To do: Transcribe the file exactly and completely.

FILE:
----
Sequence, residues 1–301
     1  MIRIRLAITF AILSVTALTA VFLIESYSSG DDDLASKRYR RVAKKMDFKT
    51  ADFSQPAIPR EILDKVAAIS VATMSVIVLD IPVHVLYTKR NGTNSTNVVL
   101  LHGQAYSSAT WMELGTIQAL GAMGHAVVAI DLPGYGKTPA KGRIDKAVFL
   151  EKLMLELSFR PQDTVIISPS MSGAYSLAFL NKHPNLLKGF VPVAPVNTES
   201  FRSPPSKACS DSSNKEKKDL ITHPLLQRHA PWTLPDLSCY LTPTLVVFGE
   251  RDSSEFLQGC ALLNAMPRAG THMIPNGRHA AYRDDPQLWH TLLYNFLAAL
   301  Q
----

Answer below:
Sequence, residues 1–301
     1  MIRIRLAITF AILSVTALTA VFLIESYSSG DDDLASKRYR RVAKKMDFKT
    51  ADFSQPAIPR EILDKVAAIS VATMSVIVLD IPVHVLYTKR NGTNSTNVVL
   101  LHGQAYSSAT WMELGTIQAL GAMGHAVVAI DLPGYGKTPA KGRIDKAVFL
   151  EKLMLELSFR PQDTVIISPS MSGAYSLAFL NKHPNLLKGF VPVAPVNTES
   201  FRSPPSKACS DSSNKEKKDL ITHPLLQRHA PWTLPDLSCY LTPTLVVFGE
   251  RDSSEFLQGC ALLNAMPRAG THMIPNGRHA AYRDDPQLWH TLLYNFLAAL
   301  Q